Soldiers battle badgers on Salisbury Plain as innovative project reveals Anglo-Saxon remains

By Culture24 Reporter | 16 July 2012
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A photo of a skeleton with teeth buried in a light brown and yellow stone and clay ditch
An army team excavating on Salisbury Plain have found two Anglo-Saxon bodies
© Cpl Kelly Williams RLC - Crown Copyright
Soldiers digging Salisbury Plain as part of their recovery from injuries sustained in Afghanistan have uncovered the bodies of an Anglo-Saxon warrior and a lavishly-buried 6th century woman.

Operation Nightingale, an investigation into Bronze Age deposits at the Barrow Clump monument, found the male buried with a bronze shield.

A photo of three soldiers in camouflage gear crouching in front of archaeological remains
The innovative project has won a British Archaeology Award
© Cpl Kelly Williams RLC - Crown Copyright
The woman, named Davina by the diggers, is thought to have died in her late teens or early 20s before being buried at the prestigious site.

The project team from The Rifles – the largest infantry regiment in the British Army – have been preserving finds at risk from the attentions of wildlife on the Plain, where badgers have been known to move grave goods and remains while burrowing.

Personnel will now compile a land survey and report from the extensive Operation, which has won a British Archaeology Award for its work in helping soldiers enhance their skills and career prospects. Eight of the team are now preparing to study archaeology at Leicester University.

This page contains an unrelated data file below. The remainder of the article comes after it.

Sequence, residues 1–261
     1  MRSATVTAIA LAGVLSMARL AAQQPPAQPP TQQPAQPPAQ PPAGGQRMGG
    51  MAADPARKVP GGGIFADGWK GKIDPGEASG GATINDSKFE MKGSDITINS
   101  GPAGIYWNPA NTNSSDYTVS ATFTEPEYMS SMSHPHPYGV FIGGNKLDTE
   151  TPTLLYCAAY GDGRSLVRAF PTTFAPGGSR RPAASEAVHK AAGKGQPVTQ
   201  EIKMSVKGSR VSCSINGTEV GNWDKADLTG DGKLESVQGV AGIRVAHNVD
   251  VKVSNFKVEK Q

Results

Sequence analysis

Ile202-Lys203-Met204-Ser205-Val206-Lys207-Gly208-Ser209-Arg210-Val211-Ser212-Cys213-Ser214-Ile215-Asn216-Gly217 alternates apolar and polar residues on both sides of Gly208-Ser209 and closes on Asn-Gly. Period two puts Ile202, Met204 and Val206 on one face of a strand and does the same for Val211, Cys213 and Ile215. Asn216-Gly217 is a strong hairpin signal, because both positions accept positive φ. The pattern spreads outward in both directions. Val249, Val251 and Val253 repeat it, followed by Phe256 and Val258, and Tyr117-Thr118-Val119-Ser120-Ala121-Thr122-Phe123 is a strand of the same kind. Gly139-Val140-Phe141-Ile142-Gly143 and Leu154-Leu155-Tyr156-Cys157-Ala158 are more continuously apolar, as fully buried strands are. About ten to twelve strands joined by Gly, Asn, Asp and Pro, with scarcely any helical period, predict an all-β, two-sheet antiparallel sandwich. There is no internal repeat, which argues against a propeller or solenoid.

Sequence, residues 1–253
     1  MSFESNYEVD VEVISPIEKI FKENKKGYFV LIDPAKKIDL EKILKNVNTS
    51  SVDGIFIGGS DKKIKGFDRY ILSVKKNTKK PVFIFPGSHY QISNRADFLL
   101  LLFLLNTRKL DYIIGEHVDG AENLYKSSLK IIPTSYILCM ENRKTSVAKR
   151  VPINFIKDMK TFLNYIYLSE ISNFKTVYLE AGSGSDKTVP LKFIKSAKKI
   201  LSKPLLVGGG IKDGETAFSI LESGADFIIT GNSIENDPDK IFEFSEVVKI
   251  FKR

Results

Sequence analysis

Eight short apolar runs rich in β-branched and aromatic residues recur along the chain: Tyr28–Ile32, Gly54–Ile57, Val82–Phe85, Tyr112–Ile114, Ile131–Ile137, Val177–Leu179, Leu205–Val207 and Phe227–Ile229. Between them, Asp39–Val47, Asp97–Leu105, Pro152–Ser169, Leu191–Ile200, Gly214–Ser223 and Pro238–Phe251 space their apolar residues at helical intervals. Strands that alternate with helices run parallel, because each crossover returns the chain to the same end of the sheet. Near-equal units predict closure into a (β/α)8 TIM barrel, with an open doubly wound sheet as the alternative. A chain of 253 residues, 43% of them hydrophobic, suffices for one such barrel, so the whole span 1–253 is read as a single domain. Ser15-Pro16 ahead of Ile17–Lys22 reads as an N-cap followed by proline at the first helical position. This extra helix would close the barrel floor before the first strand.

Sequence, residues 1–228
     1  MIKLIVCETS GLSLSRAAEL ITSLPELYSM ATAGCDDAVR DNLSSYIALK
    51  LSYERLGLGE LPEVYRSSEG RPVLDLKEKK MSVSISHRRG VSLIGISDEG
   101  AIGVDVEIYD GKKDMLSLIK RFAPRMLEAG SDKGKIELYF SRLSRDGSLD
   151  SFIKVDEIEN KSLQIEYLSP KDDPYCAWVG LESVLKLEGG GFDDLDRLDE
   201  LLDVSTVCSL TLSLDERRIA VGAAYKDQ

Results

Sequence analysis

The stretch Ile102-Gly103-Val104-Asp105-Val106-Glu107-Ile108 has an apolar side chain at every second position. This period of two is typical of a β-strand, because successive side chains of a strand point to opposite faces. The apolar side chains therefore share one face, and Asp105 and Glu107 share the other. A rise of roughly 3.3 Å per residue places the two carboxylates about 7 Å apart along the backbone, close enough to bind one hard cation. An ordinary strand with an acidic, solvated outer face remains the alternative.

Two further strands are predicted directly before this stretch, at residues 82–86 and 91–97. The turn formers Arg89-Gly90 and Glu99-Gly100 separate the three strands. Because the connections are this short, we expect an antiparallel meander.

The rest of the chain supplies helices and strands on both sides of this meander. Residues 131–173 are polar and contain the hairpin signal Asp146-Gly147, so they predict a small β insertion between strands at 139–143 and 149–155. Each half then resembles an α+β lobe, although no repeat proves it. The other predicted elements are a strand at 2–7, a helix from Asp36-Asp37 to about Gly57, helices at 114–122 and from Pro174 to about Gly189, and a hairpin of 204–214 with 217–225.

“There are long-standing connections between archaeology and the military,” said Richard Osgood, the Senior Historic Advisor for the Defence Intelligence Organisation and a co-director of the project.

“This work continues to draw on a number of important skill-sets to give the soldiers an enduring interest in heritage and their environment.

"The project has proved of immense value in assisting soldiers in The Rifles, while at the same time accomplishing some great archaeology.”

Sergeant Diarmaid Walshe, a qualified archaeologist and member of The Rifles, also praised the impact of the initiative.

“The award means as much to the soldiers participating as it does to those of us leading the work,” he said.

“These soldiers have all endured a lot during operational tours. The complex nature of the injuries that are being experienced in Afghanistan means the army is looking at new ways to promote recovery.

“We have already seen that archaeology helps their rehabilitation process. It also gives soldiers a very different view of Salisbury Plain and the heritage associated with it.”

Deidre O’Sullivan, an archaeology expert from the university, said the institution was “delighted” to join in.

“We have been keen to be involved at all levels, from working with injured soldiers on the excavation to helping them take further steps in their future career,” she added.

“From an academic perspective, we are thrilled to be closely involved with such interesting archaeology.”

More pictures:

A photo of a man in a green t-shirt measuring an archaeological skeleton in a ditch
© Cpl Kelly Williams RLC - Crown Copyright
A photo of an archaeological project involving hills and mud ditches in parkland
© Cpl Kelly Williams RLC - Crown Copyright
A photo of a man in outdoor clothing working with various implements on mud land
© Cpl Kelly Williams RLC - Crown Copyright
A photo of a team of soldiers, some of whom are in camouflage wear, standing in an archaeological pit
© Cpl Kelly Williams RLC - Crown Copyright

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